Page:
The Boston Avenue United Methodist Church, located in downtown Tulsa, Oklahoma and completed in 1929, is considered to be one of the finest examples of ecclesiastical Art Deco architecture in the United States, and has been placed on the National Register of Historic Places. Built by a congregation of the Methodist Episcopal Church, South, it was designated a National Historic Landmark in 1999.
The design of the US$1.25 million edifice is credited to two individuals: Adah Robinson and Bruce Goff. Robinson was an art teacher at Central High School in Tulsa, and eventually was chair of the art department in the University of Tulsa. Robinson sketched the original ideas for the church. Bruce Goff, formerly one of her high school students, and the architect in 1924-1926 of her home and studio, then took the sketches and came up with the design for the church.
Officially, the architecture firm credited is Rush, Endacott and Rush where Goff apprenticed (from age 12 and became a partner in 1930). There is still some debate over who was more responsible for the building. The church credits Adah Robinson with the design of this building, while Goff experts maintain that it is clearly his design.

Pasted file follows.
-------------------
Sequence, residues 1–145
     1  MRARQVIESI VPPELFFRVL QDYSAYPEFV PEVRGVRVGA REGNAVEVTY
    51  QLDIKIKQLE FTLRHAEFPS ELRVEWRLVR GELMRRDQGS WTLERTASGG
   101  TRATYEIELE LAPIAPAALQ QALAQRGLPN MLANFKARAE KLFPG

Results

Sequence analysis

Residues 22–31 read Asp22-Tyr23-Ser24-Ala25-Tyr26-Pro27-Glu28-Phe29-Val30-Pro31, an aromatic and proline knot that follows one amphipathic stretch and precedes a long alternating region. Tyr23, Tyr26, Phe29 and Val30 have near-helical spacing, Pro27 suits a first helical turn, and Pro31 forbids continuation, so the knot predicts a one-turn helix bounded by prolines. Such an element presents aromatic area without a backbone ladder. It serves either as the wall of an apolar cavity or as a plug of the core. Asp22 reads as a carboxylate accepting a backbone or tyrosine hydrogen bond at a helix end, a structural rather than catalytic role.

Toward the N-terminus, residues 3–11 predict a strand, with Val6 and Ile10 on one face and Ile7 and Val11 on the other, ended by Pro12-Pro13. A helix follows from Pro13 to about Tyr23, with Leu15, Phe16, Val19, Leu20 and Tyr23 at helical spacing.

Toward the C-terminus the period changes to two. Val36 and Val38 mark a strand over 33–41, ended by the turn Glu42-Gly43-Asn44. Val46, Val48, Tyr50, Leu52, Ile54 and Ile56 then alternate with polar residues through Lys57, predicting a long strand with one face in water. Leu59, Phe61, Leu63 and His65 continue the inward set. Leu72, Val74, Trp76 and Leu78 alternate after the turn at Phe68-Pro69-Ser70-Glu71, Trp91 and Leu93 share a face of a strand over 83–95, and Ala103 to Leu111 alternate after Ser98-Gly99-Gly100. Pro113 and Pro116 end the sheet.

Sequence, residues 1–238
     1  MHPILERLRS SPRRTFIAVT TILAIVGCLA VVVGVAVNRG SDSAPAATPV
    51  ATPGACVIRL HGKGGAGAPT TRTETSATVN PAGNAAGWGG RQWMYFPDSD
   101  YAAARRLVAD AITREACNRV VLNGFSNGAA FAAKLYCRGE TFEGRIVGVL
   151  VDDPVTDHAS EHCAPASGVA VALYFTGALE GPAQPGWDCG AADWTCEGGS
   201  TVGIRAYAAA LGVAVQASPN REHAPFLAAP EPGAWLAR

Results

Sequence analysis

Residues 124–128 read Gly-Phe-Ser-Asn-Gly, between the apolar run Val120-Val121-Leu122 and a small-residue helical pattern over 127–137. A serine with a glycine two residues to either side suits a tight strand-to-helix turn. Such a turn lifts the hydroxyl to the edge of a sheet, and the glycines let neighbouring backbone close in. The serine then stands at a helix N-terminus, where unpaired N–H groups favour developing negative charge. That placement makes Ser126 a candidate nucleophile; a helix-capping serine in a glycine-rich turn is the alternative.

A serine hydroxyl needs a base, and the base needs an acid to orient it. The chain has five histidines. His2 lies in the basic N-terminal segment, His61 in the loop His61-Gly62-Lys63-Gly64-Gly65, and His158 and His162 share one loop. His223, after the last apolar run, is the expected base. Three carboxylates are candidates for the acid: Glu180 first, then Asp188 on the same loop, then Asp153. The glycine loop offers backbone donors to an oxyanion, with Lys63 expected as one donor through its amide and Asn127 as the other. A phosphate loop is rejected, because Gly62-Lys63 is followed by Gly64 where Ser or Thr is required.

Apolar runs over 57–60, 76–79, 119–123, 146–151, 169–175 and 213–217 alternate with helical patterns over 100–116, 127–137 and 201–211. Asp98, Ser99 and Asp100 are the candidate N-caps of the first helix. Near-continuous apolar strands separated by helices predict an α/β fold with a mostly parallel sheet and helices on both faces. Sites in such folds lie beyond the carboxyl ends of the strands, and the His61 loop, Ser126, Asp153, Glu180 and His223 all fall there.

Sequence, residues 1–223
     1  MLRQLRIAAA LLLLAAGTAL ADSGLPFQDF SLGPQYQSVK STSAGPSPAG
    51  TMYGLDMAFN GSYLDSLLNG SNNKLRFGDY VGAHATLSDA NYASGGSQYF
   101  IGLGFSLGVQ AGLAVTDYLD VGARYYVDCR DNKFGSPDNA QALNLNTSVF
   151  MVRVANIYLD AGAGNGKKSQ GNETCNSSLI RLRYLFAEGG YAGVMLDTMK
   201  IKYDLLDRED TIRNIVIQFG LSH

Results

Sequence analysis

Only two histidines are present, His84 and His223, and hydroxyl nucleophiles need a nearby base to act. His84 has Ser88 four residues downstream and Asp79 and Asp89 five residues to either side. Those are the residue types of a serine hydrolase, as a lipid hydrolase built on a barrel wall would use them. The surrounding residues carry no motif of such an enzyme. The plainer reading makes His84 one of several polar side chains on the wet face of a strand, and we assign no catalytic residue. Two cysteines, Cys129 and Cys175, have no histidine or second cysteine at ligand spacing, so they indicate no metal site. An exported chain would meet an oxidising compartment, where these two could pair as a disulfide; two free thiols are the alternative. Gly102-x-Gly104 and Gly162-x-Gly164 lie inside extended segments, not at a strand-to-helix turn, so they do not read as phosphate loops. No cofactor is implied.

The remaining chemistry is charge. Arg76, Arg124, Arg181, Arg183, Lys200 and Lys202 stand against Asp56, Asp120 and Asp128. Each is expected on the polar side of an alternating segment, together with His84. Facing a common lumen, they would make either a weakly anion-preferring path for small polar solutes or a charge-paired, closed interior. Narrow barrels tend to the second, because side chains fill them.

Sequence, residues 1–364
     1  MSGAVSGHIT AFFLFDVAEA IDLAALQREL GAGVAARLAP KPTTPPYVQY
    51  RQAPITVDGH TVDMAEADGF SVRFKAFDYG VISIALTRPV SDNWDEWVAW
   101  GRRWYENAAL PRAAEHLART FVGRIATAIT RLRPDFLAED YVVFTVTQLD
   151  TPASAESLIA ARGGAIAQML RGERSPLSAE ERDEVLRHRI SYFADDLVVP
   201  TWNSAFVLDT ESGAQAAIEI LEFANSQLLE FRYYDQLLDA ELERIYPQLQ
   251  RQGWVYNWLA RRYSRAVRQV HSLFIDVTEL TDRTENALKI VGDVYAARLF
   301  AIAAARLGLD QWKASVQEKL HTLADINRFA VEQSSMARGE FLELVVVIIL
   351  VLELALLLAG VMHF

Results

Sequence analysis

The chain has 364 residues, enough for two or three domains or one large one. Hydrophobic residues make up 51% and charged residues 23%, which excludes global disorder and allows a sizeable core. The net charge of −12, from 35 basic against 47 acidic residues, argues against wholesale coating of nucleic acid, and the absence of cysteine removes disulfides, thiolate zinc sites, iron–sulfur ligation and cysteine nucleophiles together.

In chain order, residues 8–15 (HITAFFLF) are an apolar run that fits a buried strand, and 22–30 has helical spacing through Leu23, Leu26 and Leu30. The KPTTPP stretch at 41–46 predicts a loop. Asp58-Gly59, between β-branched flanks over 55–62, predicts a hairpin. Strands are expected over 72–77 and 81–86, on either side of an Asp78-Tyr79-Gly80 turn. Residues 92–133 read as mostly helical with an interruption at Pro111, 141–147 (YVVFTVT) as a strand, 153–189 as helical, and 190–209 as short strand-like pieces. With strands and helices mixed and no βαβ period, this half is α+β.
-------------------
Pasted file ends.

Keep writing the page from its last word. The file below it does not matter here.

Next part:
The original building consisted of a semicircular auditorium, a soaring 225-foot (68.5 m) tower, and a wing containing class rooms. The soaring straight lines of the tower provide physical, visual, and philosophical linkage to the Gothic Cathedrals of past ages as well as allowing the designers to indulge in the Art Deco celebration of the vertical.